Life in the Slush Pile: Surely Make You Lose Your Mind

Slush pile (sləSH pīl): the black hole of unsolicited manuscripts in an editor’s inbox

This post must start by saying many incredible authors and stories came from the slush pile. (Check out this WSJ article to read about them.) But finding that diamond in the rough is analogous to finding guys like Mark Zuckerberg who can drop out of college and become billionaires. It’s unusual. It’s unlikely. But it isn’t impossible. 

I get several unsolicited (meaning I didn’t meet the author at a conference or event and they do not have an agent) submissions a week from writers. For the sake of math, let’s call it five. Five doesn’t sound like that much, and in reality, it isn’t. Some editors get five unsolicited submissions a DAY, or even within a few hours. But let’s stick with my measly little five per week for a second.

5 submissions a week x roughly 52 weeks in a year = 260 submissions a year

Now, I can read pretty quickly. So fast, even, that when I asked my husband what my superpower would be, he said reading. (It was closely followed by organization. I couldn’t decide whether or not to be offended by that one. I mean, come on, couldn’t I also fly?) But I can’t properly read and evaluate 260 unsolicited submissions, not without sacrificing sleep, sanity, and the rest of my workload.

That doesn’t mean you shouldn’t reach out to editors. It does mean that when you do, you should adhere to three important guidelines.

  1. Follow the rules.
    • Does the website/blog/Twitter/flashing neon sign belonging to the editor say they are closed to unsolicited submissions? If yes, then respect that boundary. Querying someone who does not accept unsolicited submissions means you are highly unlikely to get a response or even a read.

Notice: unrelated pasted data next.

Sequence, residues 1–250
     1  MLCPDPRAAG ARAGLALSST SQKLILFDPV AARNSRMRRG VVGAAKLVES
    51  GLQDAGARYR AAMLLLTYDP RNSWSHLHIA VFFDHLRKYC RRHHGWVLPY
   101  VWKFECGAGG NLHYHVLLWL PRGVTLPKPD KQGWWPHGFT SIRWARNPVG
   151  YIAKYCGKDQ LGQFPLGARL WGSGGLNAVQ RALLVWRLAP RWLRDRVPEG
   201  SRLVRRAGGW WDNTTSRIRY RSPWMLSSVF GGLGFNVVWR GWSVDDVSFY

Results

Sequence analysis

• If the editor allows unsolicited submissions, submit according to the guidelines on their website. If they don’t want attachments, don’t send attachments. If they want only a summary, send the summary (not the full manuscript). If they want you to use Comic Sans…well then find another editor because that’s just craziness.
  2. Make your pitch AMAZING.
    • The average editor only spends two minutes reading an unsolicited submission. (Okay, I made that stat up. It might be too generous.) Set yourself apart from the rest of the slush pile by keeping your pitch:
      • Personalized. None of that “Dear Editor” nonsense.
      • Professional. You should say “Dear someone.”
      • Punchy (look at that alliteration). Capture their attention in the first lines and keep them hooked. This goes for any query to editors, agents, publishers, or even potential critique partners. Check out this Writer’s Digest article for tips on an amazing query letter.
  3. Practice patience (the alliteration continues!)
    • Life in the slush pile is definitely not life in the fast lane. It can take editors up to six months to respond to an unsolicited submission, if they respond at all. Resist the urge to follow up unless the editor’s guidelines say it is okay to do so.
    • Don’t lose hope if you don’t get an immediate yes. Don’t lose hope if you get a slow no. Don’t lose hope if you get nothing at all.

I want to make up a stat on how many manuscripts are written in the U.S. every year, but I already made up one figure in this post and I should probably stick to the facts. Either way, I’m guessing it’s a lot. Definitely in the hundreds of thousands. Probably in the millions. Figure out what makes your book one in a million (you had to see that one coming), and then even that slush pile black hole won’t stop you.

Good luck!

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